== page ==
The Every Student Succeeds Act’s (or ESSA’s) shift in focus from teacher evaluations to teacher professional development may leave some of you, as educators, wondering: How do these changes affect me?
My colleague ICLE President Sue Gendron and I answered that question from both the teacher and administrator perspective during a webinar hosted by Education Week entitled “How ESSA Affects YOU: Shifting Focus to Support Today’s Educators.”
So how does this shift impact K-12 teachers?
What Is ESSA’s New Definition of Professional Development?
Signed in 2015, ESSA is a U.S. federal law governing K-12 education policy. Among many other components, the law provides a revamped definition of the term professional development.
As I pointed out during the webinar, ESSA now characterizes professional development as:
- an integral part of all of a school and district’s strategies for improving student outcomes;
- a way to focus on challenging education standards in an equitable and inclusive model that meets students’ academic, social-emotional, and physical development needs;
- a sustained effort in a continuous cycle with the familiar steps of learn, plan, do, assess, modify, repeat;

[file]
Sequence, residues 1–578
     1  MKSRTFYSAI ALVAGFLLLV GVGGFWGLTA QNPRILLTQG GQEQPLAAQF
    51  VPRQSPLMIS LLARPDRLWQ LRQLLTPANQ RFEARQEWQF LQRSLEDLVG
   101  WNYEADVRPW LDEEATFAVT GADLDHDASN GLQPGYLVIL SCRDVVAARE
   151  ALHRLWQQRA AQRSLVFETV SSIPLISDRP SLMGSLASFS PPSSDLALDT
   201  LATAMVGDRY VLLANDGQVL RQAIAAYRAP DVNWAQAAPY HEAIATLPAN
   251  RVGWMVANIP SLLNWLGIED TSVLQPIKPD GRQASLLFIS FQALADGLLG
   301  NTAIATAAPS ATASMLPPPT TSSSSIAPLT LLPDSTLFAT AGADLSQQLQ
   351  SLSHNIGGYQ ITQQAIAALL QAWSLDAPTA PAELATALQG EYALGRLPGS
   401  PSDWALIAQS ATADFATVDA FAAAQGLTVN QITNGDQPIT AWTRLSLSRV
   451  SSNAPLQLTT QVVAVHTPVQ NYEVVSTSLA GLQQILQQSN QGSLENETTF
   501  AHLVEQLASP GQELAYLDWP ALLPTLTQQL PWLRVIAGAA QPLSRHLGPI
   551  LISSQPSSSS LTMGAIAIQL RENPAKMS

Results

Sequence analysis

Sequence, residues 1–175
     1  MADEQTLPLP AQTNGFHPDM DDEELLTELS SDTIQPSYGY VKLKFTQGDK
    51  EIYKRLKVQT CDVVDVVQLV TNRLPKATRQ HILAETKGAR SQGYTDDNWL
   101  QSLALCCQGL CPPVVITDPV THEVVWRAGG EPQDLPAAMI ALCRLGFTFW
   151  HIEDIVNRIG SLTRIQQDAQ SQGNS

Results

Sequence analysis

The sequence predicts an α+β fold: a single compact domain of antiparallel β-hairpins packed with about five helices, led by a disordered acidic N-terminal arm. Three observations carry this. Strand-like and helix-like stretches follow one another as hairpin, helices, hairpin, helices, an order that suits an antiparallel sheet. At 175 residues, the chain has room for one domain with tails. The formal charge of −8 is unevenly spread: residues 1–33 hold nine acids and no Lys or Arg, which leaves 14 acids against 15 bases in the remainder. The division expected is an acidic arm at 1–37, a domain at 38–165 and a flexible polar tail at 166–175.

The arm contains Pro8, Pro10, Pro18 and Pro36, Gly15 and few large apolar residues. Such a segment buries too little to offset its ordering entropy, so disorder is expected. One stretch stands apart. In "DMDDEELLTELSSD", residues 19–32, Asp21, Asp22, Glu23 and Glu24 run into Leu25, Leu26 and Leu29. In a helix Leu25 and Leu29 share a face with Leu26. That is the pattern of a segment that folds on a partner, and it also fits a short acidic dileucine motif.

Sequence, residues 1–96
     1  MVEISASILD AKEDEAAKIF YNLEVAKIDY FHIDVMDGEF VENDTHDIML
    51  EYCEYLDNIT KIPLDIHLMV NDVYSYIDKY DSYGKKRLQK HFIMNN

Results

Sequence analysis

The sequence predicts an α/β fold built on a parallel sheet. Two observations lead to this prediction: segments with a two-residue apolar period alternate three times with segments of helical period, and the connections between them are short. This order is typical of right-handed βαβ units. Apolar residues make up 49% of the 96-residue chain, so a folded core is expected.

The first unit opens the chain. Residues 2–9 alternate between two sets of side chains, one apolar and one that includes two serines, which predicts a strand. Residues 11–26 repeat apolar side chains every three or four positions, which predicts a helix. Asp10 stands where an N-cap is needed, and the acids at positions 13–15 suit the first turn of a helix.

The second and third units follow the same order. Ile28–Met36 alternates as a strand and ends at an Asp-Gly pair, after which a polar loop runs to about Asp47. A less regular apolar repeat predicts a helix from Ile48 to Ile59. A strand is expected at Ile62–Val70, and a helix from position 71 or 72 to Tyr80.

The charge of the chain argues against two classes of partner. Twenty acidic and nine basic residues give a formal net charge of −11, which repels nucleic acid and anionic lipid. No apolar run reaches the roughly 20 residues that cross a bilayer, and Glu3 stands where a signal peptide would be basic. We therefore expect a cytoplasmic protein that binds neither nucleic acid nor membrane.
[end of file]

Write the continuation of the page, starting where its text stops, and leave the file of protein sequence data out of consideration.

How Does This Shift Affect Teachers?
The shift in focus to professional development helps demonstrate how teachers make the most significant impact on student achievement. Evidence on the positive effects teachers have on student outcomes—both academic and social-emotional—continues to grow.
For example, expert Deborah Ball, an education professor at the University of Michigan, explains that the decisions teachers make—whom to call on, for instance, and what examples to use during class discussions—can at times be complex: “These decisions have to be made in the moment, while also monitoring the entire class for understanding, behavior, and engagement.”
As a result of the ESSA changes and given their important roles in shaping students’ lives, teachers are now being encouraged to:
- advocate for more personalized professional learning that focuses on understanding student learning;
- deepen subject matter knowledge;
- use differentiated effective instructional strategies;
- integrate instruction seamlessly.
ESSA also prioritizes funding support for professional development. In our webinar, I specifically pointed to Title IV, which emphasizes the use of data and technology to improve instruction in 21st-century schools.